Thursday, July 26, 2012

A Mansard, but not *My* Mansard

Edward Hopper's House by the Railroad, photo by unbearable lightness, used with attribution, CC license

"The House of Many Doors" is a book I wrote that centers in and around a 'haunted' brick mansard roofed house. I started writing the novel in early 2006 based only on a vague idea of a house whose rooms you could visit in dreams, where you would travel back in time to when the house was built.

That idea morphed and evolved into the present novel that I describe as 'A Wrinkle in Time' meets 'The Shining'. 

I didn't know what a mansard house was when I initially started this book. All I imagined when I thought of a haunted house was the house from the Adamms Family. When I did a little research, I discovered that house was called a mansard, or second empire house and that mansard houses look like the flat roofed beauty in Hopper's painting.

My dear NYC friend, Diane, told me that the NYTimes sunday magazine had a study of some of Hopper's houses, with images of the paintings and the photos of the houses as they stand now.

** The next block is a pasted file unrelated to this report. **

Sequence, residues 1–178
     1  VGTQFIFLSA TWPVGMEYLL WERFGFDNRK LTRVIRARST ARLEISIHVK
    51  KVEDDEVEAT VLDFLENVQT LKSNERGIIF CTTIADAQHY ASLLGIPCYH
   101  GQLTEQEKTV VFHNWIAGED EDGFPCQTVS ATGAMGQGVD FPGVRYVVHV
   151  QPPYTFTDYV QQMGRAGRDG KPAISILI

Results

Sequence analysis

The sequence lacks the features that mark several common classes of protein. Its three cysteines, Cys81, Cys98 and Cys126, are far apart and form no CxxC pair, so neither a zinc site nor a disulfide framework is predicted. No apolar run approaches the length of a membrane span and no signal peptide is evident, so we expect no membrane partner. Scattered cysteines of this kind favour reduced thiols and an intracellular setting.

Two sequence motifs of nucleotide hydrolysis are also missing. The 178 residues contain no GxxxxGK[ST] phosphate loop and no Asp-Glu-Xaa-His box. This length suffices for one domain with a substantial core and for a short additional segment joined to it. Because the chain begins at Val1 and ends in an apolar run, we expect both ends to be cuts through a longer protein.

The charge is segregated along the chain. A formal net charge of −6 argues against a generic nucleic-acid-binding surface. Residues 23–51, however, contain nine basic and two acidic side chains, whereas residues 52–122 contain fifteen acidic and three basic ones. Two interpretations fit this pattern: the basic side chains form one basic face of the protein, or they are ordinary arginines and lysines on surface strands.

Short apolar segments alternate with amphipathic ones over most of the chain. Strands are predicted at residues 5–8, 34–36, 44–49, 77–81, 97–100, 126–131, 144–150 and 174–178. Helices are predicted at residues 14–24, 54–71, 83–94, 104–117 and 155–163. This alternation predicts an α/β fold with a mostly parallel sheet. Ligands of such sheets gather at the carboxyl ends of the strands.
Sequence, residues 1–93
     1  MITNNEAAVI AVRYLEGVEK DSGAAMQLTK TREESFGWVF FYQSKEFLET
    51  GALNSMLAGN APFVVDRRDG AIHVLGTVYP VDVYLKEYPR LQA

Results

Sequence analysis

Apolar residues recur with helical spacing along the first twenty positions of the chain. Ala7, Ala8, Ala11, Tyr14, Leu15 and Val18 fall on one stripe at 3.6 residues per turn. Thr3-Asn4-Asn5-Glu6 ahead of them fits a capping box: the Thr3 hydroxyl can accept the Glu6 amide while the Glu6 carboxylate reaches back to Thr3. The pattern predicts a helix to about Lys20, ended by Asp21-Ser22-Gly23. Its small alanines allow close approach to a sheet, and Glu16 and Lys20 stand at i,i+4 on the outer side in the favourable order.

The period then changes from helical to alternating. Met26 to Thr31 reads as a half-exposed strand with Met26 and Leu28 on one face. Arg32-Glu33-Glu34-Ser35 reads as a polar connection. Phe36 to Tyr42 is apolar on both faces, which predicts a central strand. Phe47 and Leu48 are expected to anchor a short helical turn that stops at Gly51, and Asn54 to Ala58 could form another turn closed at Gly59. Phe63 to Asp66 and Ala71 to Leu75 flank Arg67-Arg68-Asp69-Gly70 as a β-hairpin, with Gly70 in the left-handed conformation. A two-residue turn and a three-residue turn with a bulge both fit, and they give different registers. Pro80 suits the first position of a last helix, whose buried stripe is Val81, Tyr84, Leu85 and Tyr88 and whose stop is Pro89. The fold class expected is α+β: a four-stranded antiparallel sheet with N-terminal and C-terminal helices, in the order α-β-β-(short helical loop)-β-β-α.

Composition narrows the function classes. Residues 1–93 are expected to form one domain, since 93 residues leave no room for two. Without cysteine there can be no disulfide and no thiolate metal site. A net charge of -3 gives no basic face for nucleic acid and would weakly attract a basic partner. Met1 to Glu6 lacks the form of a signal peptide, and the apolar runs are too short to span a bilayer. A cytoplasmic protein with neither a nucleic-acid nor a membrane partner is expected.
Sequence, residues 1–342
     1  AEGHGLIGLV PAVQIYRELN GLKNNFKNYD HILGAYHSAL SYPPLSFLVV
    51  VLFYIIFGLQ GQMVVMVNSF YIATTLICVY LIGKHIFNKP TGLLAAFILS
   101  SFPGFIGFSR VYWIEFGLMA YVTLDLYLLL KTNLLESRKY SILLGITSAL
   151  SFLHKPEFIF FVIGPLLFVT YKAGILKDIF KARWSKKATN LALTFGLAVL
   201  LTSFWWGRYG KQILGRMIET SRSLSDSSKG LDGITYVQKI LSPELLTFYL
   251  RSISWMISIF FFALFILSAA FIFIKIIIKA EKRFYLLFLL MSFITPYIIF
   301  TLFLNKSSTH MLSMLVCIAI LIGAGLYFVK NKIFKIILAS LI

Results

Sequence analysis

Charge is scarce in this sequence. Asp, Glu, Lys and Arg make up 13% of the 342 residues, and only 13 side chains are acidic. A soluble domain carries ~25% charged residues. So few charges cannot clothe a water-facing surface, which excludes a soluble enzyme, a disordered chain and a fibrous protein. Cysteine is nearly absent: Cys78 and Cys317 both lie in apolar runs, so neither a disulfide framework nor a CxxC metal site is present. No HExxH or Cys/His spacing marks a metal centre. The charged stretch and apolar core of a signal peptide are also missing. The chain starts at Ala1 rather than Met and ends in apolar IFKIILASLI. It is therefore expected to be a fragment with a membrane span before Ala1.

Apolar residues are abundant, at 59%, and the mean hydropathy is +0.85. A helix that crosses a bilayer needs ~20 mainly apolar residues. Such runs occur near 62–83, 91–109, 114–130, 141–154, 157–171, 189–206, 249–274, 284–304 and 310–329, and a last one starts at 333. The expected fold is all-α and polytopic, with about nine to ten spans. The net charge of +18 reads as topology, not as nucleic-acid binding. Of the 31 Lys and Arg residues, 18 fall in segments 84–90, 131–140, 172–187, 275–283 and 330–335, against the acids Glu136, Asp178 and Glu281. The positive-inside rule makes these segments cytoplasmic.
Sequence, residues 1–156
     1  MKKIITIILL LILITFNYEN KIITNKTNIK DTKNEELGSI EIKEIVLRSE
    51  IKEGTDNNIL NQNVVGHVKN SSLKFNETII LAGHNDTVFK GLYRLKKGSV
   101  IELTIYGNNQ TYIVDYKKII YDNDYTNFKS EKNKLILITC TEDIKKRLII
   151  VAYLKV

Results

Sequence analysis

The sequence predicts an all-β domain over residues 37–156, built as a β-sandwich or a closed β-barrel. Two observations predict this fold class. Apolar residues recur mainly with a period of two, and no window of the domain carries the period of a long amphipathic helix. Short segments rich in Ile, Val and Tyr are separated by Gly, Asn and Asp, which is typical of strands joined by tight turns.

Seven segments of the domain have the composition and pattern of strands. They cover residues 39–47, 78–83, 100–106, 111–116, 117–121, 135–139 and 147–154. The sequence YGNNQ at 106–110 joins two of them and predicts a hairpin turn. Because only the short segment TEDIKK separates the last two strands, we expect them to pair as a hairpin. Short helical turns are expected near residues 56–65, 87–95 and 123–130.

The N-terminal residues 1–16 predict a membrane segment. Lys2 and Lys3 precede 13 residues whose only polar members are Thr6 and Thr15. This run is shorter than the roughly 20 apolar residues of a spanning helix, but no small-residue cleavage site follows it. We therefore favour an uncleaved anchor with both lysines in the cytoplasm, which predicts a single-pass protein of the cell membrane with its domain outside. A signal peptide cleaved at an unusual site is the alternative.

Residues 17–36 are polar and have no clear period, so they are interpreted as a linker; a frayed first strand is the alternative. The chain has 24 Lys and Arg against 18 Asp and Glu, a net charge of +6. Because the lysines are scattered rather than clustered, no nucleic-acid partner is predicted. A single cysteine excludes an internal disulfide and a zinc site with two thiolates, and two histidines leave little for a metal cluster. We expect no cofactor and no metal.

Hopper's famous Mansard Roof was painted in Gloucester, MA. But it looks a lot less like *my* house than the House by the Railroad seen above. The loneliness factor is just right, though the house from my book is brick.

That house actually exists, as if fully sprung from my own twisted imagination.

I found it 2 years ago when I visited Newark, NJ for the Geraldine R Dodge poetry festival. My writer-friend Sue took me through the Newark Museum and when we walked through the Ballantine House, which the museum is built around, I just about fell over. (If you follow the link, you will see black and white photos from the Nat'l register of historic places. This *is* the house Parker must challenge for his father's life and sanity.)

Someday, I would love to have a book release party there. Though I would be constantly looking over my shoulder for the ghosts.



  1. Wow, what an amazing house. So cool (and kinda spooky) that you found it and I love the idea of having your book signing there. In fact, I just might have to come. ;)

    1. You should have seen my face when I stepped into my own novel. Talk about whole body goosebumps! Even the decorations, furnishings, and wallpaper was just as I'd described them in the book.

  2. It's always wild when you see something in real life that you thought was only in your imagination! what a great looking, atmospheric place.

    Have you ever been to the Winchester Mansion? Talk about spooky (though honestly I've never been). My other favorite spooky mansion is the Carson Mansion in Eureka, CA...I don't know why it creeps me out. Probably because the public isn't allowed in!